I entered the small office with Papesh and presented my documents to the girl who was processing the shareholder documents and adding their names to a register of shareholders in attendance. She took one look at my papers and gestured to the burly security office wearing blue fatigues in the corner. He marched over: "Out," was all he said, moving his hand onto the butt of submachine gun that was swinging at his hip.
Dart's lawyers were ready and rushed over. "Mr Aris has a legal right to attend this meeting under Russian law. All his paperwork is in order!" they said waving the papers around.
The security guard took hold of the butt of his gun and pointed it into my face and said again: "Out." So we left.
I joined the group of investors and journalists who had also been barred from the meeting. Apparently, Dart's shares had been seized by a court and frozen, so his proxies, including me, weren't allowed to vote at the meeting.
Together with David Hoffman from The Washington Post, we managed to corner Dmitry Gololobov, the Yukos lead lawyer (who it was recently reported was hired as a vice president at Rosneft, which now controls the main Yukos assets, but this apparently was a rumour and wrong), as he came out of the registration office. "This is an outrage. You have to let us in," Hoffman shouted, but Gololobov simply shrugged his shoulders, mumbled something about arrested shares and pushed past to follow the others into the club house.
Over the next few hours, the shareholders (that got in) voted to tripled the number of shares in Yukos, leaving Dart with an insignificant stake. To add insult to injury, the new shares were to be paid for with veksels, or promissory notes, that wouldn't mature for three years. And finally the shareholders decided it was in the best interests of the subsidiary to continue selling its oil to an "independent" oil trader for $1.50 a barrel, when the price of oil was already on its way to $30.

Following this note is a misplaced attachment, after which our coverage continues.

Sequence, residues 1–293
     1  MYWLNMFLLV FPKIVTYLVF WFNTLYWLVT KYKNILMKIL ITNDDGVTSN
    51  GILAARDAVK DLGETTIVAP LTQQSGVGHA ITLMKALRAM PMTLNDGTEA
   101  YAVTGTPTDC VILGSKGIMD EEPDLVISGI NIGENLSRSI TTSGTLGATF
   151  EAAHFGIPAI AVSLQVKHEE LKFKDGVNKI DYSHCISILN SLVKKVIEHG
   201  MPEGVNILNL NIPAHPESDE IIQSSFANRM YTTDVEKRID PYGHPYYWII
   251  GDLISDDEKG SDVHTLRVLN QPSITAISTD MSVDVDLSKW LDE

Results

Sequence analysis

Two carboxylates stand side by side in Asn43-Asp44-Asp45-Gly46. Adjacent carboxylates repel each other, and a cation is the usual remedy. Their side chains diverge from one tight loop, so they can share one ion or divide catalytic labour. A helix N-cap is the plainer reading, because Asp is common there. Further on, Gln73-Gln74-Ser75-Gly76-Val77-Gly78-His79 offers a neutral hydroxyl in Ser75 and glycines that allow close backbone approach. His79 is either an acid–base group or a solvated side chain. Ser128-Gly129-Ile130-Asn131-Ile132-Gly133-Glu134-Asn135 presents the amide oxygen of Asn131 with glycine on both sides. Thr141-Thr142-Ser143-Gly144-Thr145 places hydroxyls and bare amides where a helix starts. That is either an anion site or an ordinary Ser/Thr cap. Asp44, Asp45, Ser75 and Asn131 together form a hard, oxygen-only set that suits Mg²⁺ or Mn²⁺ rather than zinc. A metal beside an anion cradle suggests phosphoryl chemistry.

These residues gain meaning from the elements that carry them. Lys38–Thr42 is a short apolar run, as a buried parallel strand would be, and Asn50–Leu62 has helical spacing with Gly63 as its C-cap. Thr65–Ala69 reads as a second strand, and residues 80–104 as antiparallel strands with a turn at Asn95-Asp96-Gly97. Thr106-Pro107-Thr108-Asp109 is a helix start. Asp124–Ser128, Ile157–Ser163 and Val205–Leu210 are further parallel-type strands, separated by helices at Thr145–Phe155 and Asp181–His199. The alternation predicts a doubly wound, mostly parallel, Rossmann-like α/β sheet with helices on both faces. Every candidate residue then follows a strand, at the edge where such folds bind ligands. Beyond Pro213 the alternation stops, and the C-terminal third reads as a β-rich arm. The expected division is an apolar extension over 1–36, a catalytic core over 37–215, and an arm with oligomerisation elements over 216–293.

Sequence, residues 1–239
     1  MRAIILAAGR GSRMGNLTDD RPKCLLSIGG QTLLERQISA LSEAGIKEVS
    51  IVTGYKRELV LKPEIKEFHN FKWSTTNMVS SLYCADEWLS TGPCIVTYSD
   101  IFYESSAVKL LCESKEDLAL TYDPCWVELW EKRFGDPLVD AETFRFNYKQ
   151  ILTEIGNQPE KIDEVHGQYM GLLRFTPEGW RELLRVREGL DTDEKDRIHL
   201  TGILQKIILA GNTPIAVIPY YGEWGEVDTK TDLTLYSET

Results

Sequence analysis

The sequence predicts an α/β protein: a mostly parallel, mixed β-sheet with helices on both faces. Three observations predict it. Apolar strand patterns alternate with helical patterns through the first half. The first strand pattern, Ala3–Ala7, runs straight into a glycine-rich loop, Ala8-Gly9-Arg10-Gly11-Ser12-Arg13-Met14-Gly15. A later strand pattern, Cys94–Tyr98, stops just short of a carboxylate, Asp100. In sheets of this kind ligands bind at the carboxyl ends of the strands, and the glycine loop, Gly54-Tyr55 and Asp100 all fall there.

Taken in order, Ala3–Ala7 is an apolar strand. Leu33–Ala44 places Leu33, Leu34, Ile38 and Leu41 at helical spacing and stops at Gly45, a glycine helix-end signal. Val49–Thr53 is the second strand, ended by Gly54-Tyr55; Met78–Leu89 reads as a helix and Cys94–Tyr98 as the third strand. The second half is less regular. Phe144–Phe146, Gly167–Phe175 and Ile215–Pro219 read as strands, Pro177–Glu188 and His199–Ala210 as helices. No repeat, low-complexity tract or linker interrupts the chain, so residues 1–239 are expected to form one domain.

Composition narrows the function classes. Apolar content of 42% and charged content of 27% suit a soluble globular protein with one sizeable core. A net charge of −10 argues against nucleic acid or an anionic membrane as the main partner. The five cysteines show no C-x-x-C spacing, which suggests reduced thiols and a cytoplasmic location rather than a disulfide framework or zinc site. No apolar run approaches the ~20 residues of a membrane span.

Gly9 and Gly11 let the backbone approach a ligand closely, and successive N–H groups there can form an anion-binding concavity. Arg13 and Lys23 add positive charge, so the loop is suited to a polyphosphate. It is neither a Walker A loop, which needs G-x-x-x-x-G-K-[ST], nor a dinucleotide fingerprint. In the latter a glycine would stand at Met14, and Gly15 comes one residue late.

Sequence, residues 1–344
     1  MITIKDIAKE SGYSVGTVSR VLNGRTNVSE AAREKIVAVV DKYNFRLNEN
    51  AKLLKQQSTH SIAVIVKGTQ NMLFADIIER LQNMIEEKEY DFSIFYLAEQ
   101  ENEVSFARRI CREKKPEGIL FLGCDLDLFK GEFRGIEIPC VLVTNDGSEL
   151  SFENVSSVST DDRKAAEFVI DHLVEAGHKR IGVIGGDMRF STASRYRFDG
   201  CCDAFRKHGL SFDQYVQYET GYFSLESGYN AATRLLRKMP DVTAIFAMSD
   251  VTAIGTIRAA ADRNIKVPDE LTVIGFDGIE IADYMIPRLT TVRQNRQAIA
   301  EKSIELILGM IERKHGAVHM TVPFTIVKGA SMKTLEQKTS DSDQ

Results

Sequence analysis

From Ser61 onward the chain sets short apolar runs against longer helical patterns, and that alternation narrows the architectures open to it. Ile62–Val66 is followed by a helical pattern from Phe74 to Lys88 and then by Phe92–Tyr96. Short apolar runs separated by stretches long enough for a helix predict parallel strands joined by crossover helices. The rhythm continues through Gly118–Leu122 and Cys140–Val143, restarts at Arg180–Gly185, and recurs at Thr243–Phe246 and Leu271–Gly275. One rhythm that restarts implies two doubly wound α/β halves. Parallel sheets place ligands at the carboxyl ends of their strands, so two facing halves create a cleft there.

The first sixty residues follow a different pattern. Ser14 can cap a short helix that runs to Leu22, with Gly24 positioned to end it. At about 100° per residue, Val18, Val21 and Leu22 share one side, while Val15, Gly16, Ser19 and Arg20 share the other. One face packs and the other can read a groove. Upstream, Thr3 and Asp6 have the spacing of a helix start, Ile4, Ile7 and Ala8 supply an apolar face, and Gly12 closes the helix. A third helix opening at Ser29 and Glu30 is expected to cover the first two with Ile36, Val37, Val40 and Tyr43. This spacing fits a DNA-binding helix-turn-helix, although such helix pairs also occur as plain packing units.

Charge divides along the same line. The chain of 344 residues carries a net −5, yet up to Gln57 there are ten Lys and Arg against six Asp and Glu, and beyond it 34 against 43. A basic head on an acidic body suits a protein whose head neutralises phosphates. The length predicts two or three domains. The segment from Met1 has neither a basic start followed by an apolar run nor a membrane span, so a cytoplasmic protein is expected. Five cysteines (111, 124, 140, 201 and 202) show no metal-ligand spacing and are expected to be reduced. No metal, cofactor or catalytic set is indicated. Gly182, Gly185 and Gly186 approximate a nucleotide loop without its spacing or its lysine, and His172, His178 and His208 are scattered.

Papesh tried to keep his cool and said that in the long-term Dart's interests would be protected, but couldn't contain himself completely: "This brazen asset grab takes the violation of Russian law and international standards of corporate governance to a new low."
Pretty much the same story played out at the other Yukos subsidiaries - Samaraneftgaz and Tomskneftegaz: court orders, arrested shares, emergency shareholder meetings. Minority shareholders like Dart lost almost everything But ironically, these corporate governance abuses - amongst the worst of the time - paved the way for the most dramatic makeover Russia has ever seen.
Once Khodorkovsky had almost full control of all these production subsidiaries, all the assets that had been moved offshore were returned and the game at Yukos became all about investment and boosting production as fast as possible. The company was the fastest growing in Russia, with production soaring over by well over 10% a year until it was pumping 1.1m barrels per day, making Yukos one of the largest oil producers in the world.